Can You Really Get Mask Mouth?
Mask Mouth is a pertinent topic these days now that the majority of people are using masks to help prevent the spread of Covid-19. Recently I’ve seen a spat of articles crop up, mostly blogs, warning of the dangers of “Mask Mouth.” To be very clear, any possible side effects or dental risks from mask wearing are minimal compared to catching Covid-19.
So, what is the deal with Mask Mouth? In essence, it all revolves around the tendency for people to breath through their mouths rather than their nose while wearing a mask. Mouth breathing creates a dryer mouth compared to nose breathing. That being said, there are entire professions, i.e. dentistry, that have been wearing masks consistently day in and day out for years and you haven’t heard the profession cry out that we’re suffering from mask mouth. So, my personal opinion is we’re making a mountain out of a molehill. I digress.
Here are the Top 4 side effects of Mask Mouth;
Increased risk for cavities
Increased risk for gum disease
Dry mouth and bad breath are the most common issues associated with wearing a mask and they go hand-in-hand. The drier your mouth becomes, the worse your breath is going to smell. The other factor here is that the general public isn’t accustomed to wearing a mask and smelling their own breath. Ask any doctor who wears a mask about coffee breath and a surgical mask and they’ll agree, it’s not a good combo. So, is that in and of itself a bad problem? No, I’d say it's more of a general self-awareness which is developing in the public at large.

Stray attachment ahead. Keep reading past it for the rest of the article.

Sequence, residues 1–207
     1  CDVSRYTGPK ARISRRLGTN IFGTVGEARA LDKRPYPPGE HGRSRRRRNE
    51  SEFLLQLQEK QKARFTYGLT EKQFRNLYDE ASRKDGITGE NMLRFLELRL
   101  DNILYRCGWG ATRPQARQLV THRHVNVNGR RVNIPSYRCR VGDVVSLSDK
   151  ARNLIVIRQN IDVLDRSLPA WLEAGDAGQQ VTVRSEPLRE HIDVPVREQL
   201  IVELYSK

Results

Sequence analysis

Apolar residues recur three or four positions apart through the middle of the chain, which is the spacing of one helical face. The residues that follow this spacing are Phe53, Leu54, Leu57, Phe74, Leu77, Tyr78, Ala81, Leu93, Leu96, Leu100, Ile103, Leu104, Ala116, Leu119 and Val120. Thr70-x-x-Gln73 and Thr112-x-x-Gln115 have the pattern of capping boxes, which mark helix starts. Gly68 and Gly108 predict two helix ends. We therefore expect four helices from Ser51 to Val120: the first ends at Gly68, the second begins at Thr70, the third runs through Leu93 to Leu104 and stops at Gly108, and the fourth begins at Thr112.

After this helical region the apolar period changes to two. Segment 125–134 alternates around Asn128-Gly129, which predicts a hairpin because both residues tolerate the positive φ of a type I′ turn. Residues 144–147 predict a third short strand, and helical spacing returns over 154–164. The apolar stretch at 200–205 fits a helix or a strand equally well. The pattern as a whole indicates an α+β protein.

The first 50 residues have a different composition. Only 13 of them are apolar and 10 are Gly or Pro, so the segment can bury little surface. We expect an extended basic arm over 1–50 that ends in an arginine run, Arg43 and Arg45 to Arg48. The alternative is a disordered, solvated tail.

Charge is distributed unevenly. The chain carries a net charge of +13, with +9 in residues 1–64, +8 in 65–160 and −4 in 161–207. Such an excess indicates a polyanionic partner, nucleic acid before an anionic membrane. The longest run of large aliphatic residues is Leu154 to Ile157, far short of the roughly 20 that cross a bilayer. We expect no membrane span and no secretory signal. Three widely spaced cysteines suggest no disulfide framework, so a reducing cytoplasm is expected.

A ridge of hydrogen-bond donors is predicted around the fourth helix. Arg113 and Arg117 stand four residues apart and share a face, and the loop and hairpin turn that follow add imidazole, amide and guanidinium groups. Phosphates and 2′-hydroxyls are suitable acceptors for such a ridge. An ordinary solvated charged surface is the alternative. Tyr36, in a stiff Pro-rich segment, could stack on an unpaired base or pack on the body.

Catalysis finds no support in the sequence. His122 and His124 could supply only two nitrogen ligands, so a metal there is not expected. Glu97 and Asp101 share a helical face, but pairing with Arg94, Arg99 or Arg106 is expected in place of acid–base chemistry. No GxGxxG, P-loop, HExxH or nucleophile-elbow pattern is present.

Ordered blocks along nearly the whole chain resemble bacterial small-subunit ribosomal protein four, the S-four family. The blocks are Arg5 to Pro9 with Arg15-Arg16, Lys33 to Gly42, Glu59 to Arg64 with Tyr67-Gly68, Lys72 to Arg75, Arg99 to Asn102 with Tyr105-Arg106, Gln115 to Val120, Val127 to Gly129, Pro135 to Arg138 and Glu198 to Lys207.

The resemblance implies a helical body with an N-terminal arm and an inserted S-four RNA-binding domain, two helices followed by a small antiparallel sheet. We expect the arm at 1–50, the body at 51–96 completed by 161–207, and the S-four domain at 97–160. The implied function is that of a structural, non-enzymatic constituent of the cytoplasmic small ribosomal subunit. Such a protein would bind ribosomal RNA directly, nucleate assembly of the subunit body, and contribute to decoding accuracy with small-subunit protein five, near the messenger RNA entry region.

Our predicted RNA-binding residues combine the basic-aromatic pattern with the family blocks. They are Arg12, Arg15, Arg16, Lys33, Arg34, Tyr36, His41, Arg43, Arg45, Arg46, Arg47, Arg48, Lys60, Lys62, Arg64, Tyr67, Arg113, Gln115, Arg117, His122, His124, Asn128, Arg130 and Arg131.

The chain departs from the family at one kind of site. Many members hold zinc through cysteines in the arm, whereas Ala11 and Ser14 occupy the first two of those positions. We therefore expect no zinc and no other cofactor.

To have an increased risk for cavities and out-right gum disease, your dry mouth would have to be very significant and for an extended period of time. We’re talking months on end, not a couple of trips to the grocery store. It comes down to frequency and duration. While I’m not saying it’s impossible that masks could have a slight effect on cavity formation or inflammation in the gums, I don’t think we’re facing a national crisis from Mask Mouth.
Here are some simple things to do, if you’re still worried. First, breathe through your nose. This is the natural way you were designed to breathe. If you can’t breathe through your nose go see an ENT, they’ll help you. Second, stay hydrated. Dehydration is the leading cause of dry mouth and bad breath. Third, make sure you see your dentist. All of these problems can be stopped in their tracks if caught early.
Stay safe during these times. It looks like we’ll be out of the Covid-19 woods here sooner rather than later. If you have dental concerns, please don’t hesitate to contact the team at 58 Dental for help